We stopped by a supermarket close to the town's limits to buy the ingredients for our picnic. We were in and out in about 10 minutes, on our way to Cala Murada, further North on the Eastern shores. The sky had closed up again and was threatening to downpour any second. We weren't really preoccupied though as we had the shelter of the car and the will to keep driving and sightseeing, even if it meant in the rain.

   Half and hour and few wrong turns later we arrived in Cala Murada, where the hotels and summer houses were perfectly aligned on the rocky slopes facing the voluptuous curve of the seacoast. The ocean here was raving mad: rolling, charging, crashing, breaking, and bursting upon the shore or the rounded cliffs. The first few drops of rain started descending but that didn't stop us from having our outdoor sandwiches with olives and pickles on some benches near the sand, as we watched the frothy opus of the waves. Some of the far away explosions of waves on the rocks were so large that I'm sure the tide withdrew for a few seconds from the amount of water raised in the air. Never seen anything like it.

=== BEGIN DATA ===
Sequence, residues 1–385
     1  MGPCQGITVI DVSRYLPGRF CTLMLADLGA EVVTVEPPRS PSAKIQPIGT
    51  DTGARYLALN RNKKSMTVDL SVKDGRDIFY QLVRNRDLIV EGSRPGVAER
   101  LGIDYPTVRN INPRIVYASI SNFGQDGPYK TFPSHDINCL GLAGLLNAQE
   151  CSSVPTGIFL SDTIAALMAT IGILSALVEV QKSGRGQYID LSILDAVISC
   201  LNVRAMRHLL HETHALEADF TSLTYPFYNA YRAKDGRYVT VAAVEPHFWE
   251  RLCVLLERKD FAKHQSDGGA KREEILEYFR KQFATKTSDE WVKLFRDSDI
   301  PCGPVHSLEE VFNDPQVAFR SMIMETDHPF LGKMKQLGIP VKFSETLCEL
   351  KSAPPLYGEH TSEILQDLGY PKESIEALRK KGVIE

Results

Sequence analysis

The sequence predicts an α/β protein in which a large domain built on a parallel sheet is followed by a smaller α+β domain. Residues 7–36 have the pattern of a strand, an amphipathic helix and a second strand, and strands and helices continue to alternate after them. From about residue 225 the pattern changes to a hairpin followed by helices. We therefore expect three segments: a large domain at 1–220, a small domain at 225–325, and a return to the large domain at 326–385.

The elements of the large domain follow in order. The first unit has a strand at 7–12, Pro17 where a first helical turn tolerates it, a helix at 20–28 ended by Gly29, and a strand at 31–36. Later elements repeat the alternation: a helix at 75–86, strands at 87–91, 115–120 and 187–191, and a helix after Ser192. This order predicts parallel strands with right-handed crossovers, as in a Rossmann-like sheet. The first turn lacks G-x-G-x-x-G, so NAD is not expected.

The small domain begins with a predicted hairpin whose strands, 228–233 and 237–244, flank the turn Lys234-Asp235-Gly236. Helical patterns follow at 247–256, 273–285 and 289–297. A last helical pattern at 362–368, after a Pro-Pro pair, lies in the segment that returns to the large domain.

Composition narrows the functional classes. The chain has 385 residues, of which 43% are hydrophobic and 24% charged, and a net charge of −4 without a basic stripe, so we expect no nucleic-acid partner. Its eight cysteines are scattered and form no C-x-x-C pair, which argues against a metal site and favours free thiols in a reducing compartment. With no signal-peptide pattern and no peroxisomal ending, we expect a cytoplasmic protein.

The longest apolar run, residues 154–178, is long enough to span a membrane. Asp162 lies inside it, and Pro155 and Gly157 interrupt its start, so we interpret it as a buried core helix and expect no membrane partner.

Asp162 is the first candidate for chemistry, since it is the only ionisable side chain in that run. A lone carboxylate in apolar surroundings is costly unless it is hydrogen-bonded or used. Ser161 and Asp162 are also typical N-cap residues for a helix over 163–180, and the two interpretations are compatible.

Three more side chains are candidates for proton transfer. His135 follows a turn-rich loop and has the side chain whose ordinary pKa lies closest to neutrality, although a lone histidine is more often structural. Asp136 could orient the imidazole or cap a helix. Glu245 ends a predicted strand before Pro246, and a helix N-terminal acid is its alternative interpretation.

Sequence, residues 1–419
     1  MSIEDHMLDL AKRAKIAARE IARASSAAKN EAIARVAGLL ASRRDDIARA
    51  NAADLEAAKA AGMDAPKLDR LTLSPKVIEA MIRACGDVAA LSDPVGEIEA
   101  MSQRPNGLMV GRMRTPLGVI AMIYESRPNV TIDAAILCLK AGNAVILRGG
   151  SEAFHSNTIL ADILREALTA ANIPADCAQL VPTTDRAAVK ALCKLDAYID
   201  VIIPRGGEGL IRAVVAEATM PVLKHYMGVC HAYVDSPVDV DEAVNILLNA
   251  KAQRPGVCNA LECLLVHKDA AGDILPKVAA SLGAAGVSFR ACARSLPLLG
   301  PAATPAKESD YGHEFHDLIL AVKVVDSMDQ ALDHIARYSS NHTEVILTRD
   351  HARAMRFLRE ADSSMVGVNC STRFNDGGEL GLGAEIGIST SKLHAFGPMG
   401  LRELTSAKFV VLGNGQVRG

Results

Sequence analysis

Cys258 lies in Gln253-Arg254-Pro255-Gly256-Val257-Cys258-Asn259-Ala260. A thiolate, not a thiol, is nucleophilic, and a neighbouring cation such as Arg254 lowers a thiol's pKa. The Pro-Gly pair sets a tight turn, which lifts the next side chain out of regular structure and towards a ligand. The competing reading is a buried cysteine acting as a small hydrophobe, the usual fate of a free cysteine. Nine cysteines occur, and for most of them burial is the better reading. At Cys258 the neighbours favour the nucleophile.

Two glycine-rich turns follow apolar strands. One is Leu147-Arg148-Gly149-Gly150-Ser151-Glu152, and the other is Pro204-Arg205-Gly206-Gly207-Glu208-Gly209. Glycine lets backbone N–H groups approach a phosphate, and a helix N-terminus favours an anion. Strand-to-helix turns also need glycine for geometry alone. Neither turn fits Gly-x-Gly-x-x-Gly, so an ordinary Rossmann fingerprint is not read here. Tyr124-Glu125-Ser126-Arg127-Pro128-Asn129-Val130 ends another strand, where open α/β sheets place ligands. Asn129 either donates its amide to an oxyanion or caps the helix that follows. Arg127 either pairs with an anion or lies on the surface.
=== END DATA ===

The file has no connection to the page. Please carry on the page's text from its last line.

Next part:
After lunch and after the light drizzle stopped, we decided to jump start our digestion by taking a short stroll through a path that apparently led to some caves which made an interesting watch point. While Ed ventured into the high caves, I admired the staggering view with Ed's parents on a stone platform overlooking the sea.

It was time to move on, so once back in the car we decided to move further north and see what we came across. We drove through a few little towns, some very traditional while some others more urbanized, prepared for the hoards of German tourists. As we were driving in the main road, we saw a sign pointing to Cala Romantica (Romantic Cove). The cheesy name deserved at least a quick look, so we took the exit.

The town of Cala Romantica was more run down than other places we'd visited (no wonder it wasn't even on the map) with a few old and dirty restaurants and a small souvenir shop in the center. Some houses peeped out from the high hills surrounding the town, its terraces and balconies all facing the same direction, indicating where the sea was. We drove across the town and finally reached the fairly decent beach, where people were now agglomerating celebrating the sun's end to imprisonment.